Plant Palette

Plant Palette

Currants & Gooseberries

Photo of Jennifer Schultz Nelson

Jennifer Schultz Nelson
Extension Educator, Horticulture
jaschult@illinois.edu

I grew up in a family that always had a garden, including fruits, but I never ate a currant until I was 25 years old. The ones I tried were red, and I thought they were great eaten fresh. According to what I read in researching this article though, redcurrants are not typically eaten fresh, but usually cooked. Oh well! I still liked them. Besides that, they are an interesting plant with ties to the lumber industry that may surprise you.

The redcurrants I tried, Ribes rubrum, are members of the genus Ribes which is composed of over 150 species of plants. Blackcurrants, whitecurrants, and gooseberries are also members of this genus.

The edible members of the genus grow as shrubs, about four feet high, though some cultivars may grow larger or stay shorter. Currents are borne in clusters of 3-10, with each individual berry only half an inch in diameter at most. Gooseberries are about the size of a grape and are produced singly or in groups of two or three.

The genus Ribes is native to the Northern Hemisphere, and several species have been cultivated as a food crop since the early 1500's in Europe, and brought to North America with the colonists in the 1700's.

The blackcurrant, Ribes nigrum, became extremely popular in England during World War II as a source of Vitamin C. Commonly eaten sources of Vitamin C like oranges and other citrus became nearly impossible to find in war-torn England. The English government encouraged citizens to grow blackcurrant, as it contains about 450% of the Recommended Daily Allowance for Vitamin C. Blackcurrant crops were typically boiled down into a deep purple colored syrup for use throughout the year.

Researchers have documented that blackcurrants contain particularly high levels of antioxidants, compounds which have a number of health-promoting qualities. Redcurrants and gooseberries are also sources of antioxidants. All of these small fruits have had medicinal uses at different points throughout history. Science is only beginning to substantiate some of these claims using modern methods.

Redcurrant, Ribes rubrum, is the bright red cousin of the deep purple-colored blackcurrant. Most people consider the redcurrant too sour to eat raw, so it is most often seen in cooked jams, jellies, and fillings. There is a cultivar of redcurrant called the whitecurrant, as it is colorless. The whitecurrant contains less acid, so it tastes less sour than the redcurrant.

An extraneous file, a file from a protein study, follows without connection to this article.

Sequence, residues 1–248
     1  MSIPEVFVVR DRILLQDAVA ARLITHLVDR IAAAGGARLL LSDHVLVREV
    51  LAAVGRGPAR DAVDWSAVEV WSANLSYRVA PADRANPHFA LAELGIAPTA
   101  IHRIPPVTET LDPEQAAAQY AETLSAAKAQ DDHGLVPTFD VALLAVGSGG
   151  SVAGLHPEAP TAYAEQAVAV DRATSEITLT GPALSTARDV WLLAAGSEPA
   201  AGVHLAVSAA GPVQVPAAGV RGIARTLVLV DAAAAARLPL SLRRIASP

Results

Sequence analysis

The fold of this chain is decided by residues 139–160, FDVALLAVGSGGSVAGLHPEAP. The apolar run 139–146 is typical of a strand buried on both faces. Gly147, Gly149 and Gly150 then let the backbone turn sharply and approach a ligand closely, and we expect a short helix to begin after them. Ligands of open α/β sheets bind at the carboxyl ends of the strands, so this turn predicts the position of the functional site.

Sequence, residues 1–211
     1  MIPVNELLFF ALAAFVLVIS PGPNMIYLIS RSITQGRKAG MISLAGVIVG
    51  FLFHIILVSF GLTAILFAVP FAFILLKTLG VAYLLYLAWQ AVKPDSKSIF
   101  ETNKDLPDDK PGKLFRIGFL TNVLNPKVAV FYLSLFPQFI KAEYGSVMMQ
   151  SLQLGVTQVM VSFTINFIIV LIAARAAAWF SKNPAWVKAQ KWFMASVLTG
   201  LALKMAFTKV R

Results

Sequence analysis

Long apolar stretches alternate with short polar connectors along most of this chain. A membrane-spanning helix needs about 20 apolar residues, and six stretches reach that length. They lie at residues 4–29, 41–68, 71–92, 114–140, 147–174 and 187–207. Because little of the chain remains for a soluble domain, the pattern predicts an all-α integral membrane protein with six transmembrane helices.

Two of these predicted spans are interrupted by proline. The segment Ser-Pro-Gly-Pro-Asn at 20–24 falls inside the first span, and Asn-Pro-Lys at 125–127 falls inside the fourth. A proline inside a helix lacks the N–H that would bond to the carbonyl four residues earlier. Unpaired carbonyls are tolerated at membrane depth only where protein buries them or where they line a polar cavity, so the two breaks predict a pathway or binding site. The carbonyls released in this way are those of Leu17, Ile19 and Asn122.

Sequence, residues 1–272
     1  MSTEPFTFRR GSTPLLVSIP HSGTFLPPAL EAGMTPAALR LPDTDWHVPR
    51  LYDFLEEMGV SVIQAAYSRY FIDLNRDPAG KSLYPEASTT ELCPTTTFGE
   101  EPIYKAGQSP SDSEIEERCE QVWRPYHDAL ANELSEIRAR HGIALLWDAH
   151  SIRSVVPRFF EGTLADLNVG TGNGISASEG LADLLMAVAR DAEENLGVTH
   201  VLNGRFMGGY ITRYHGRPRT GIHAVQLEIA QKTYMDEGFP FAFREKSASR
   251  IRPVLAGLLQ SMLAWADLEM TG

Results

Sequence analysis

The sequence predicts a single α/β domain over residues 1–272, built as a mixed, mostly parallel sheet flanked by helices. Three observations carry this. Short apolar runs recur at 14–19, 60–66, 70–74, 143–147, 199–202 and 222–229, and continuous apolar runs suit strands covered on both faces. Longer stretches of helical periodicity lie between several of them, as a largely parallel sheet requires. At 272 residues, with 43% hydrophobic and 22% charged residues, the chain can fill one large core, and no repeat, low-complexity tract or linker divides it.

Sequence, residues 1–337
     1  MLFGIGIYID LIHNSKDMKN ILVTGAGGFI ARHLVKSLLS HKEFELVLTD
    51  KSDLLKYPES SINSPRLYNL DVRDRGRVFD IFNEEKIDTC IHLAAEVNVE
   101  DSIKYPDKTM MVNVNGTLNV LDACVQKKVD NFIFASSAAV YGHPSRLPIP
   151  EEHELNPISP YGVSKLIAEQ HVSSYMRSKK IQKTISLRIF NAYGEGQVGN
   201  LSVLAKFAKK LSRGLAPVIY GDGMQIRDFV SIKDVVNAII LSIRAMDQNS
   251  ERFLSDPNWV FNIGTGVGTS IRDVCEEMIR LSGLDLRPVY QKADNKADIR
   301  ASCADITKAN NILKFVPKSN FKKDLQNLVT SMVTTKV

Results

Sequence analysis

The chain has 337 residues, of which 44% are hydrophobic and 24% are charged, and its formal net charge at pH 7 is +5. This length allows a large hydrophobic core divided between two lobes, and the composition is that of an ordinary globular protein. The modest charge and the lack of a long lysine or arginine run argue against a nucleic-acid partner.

The gooseberry, Ribes grossularia, is similar to the red- and blackcurrants, but the fruits are much larger, and the plants produce sharp spines. Different cultivars produce fruits ranging in color from green to yellow to deep reds and pinks. Plant breeders in Germany developed a cross of the blackcurrant with the gooseberry, and named it the Jostaberry. These plants lack thorns, and have large fruits with flavor much like a blackcurrant.

A major reason currants and gooseberries are not typically grown in the U.S. is because they act as alternate hosts for White Pine Blister Rust, a fungal disease. This disease doesn't harm currants and gooseberries to a great extent, but it can wipe out susceptible pine trees.

In the early 1900's the U.S. government issued a federal ban on the planting of all Ribes species, because White Pine Blister Rust was a threat to the growing lumber industry. In 1966, the ban was lifted, and it was left up to individual states to regulate growing Ribes species. In some states, the ban on planting currants and gooseberries still exists, since they have the right climate for White Pine Blister Rust to flourish.

Fortunately, White Pine Blister Rust is rarely seen in Illinois, so there is no ban on planting currants or gooseberries. Before you plant currants and gooseberries in your home garden, there are a few factors to keep in mind when selecting a planting site.

Ribes species are unique in that they can tolerate partial shade conditions in the landscape. In fact, given their low tolerance of heat, a site with afternoon shade would be best here in central Illinois. They prefer heavier soils high in clay, since these soils stay cooler. Adding a layer of mulch will also help keep the root area cool in summer.

If growing conditions are favorable, a mature currant or gooseberry bush will produce between three and ten pounds of fruit in a season. A harvest of this size would surely give anyone lots of opportunity to develop a taste for this popular European fruit.

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